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Utilities should seek energy efficiency first

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Stacy Gloss Stacy Gloss
Cathy Kunkel Cathy Kunkel

Stacy Gloss is project manager for Energy Efficient West Virginia, a project of WV-CAG. Cathy Kunkel is president of Kunkel Energy Research and consultant to WV-CAG.

It may seem odd for electric utilities to offer energy efficiency programs — after all, they are in the business of selling electricity. However, from a customer's standpoint, it makes a lot of sense. What we pay to the electric company reflects the utility's costs of generating electricity or buying it from other generators. If the utility can find cheaper sources to generate electricity, those savings are passed through to their customers. Utilities around the country have found that it is cheaper to invest in saving electricity than it is to generate that same amount of electricity. 

West Virginia's electric utility companies have just begun to invest in energy efficiency over the past few years. Mon Power and Potomac Edison, FirstEnergy's subsidiaries in West Virginia, have been ordered by the Public Service Commission to submit, on or before Sept. 1, their plan for the next phase of their energy efficiency program implementation in West Virginia.

Over time, the savings from energy efficiency programs can really add up. In the Pacific Northwest, for example, energy efficiency has met half of the growth in electric demand that otherwise would have occurred since 1980, and there is still plenty of untapped potential. In other words, utilities in that region have avoided the need to build about 5,400 MW of generating capacity — the size of nearly two John Amos power plants, for comparison. The savings achieved by avoiding the cost of new generation are spread among all utility customers. 

Utilities can invest in energy efficiency at a cost around 2 to 3 cents per kilowatt-hour saved, which is less than half the cost of building a new power plant. Energy efficiency investments are also less expensive than generating electricity from existing power plants. Here in West Virginia, Mon Power and Potomac Edison propose to purchase the Harrison plant. where electricity generation costs an estimated 7.4 cents per kWh.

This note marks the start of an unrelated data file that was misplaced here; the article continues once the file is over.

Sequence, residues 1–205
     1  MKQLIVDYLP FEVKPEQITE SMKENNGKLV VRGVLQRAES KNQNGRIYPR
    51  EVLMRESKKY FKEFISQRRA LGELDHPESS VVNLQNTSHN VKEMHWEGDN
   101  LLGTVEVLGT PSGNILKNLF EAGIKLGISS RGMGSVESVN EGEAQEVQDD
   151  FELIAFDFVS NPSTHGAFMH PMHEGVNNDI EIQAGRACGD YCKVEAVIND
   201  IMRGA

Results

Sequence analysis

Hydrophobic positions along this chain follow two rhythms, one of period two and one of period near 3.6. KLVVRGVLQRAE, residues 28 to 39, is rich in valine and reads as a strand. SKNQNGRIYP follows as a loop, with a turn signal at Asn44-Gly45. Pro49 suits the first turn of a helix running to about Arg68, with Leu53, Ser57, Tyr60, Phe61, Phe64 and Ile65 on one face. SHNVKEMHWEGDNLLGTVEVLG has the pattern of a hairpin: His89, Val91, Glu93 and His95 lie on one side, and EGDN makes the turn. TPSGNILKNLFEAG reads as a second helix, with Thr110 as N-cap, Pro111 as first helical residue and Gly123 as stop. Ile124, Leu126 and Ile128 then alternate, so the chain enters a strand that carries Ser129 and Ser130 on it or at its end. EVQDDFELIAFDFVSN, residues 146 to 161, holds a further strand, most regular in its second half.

Utilities can invest in energy efficiency in many ways. In Ohio, for example, American Electric Power offers more than a dozen different programs that range across residential, commercial and industrial customers. A handful of examples include recycling old, inefficient refrigerators and freezers at no cost; providing low-cost home energy assessments with rebates for improvements; providing businesses with incentives for more efficient lighting, HVAC, motors, food processing equipment and refrigeration; and providing training and technical assistance for large industrial customers.

In West Virginia, Mon Power and Potomac Edison began offering two energy efficiency programs in 2012. Only low-income residents may qualify for a program that provides free installation of CFLs, faucet aerators, low-flow shower heads and possible refrigerator replacement. Businesses can apply for incentives for more efficient lighting. It's a pretty bare bones set of programs when compared to what utilities are offering in other states. 

In its order approving the utilities' efficiency programs in 2011, the Public Service Commission stated that it was "not overly impressed" with the utilities' proposal and the commission ordered the utility to file a "Phase II" plan by Sept. 1 of this year. The commission also ordered Mon Power and Potomac Edison to convene stakeholder meetings prior to the Sept. 1 filing. 

West Virginia Citizen Action Group is one stakeholder group participating in this process. WV-CAG has argued, in the context of Mon Power and Potomac Edison's proposal to purchase the Harrison power plant, that utility customers would benefit by greater utility investments in energy efficiency and that the utility should have considered expanded investments in energy efficiency as part of its planning for meeting its long-term resource needs. WV-CAG believes that utility customers would spend less money on their electric bills with a strong energy efficiency program resembling programs of American Electric Power and FirstEnergy subsidiaries in Maryland, Ohio and Pennsylvania. WV-CAG's recommendation is for the utilities to be required to adopt targets for ramping up their energy efficiency program, then issue a request for proposals from a more experienced third-party administrator whose core business is designing and implementing energy efficiency programs. There's no need to reinvent the wheel when it comes to common practices in energy efficiency program delivery in the electric utility industry across the U.S. 

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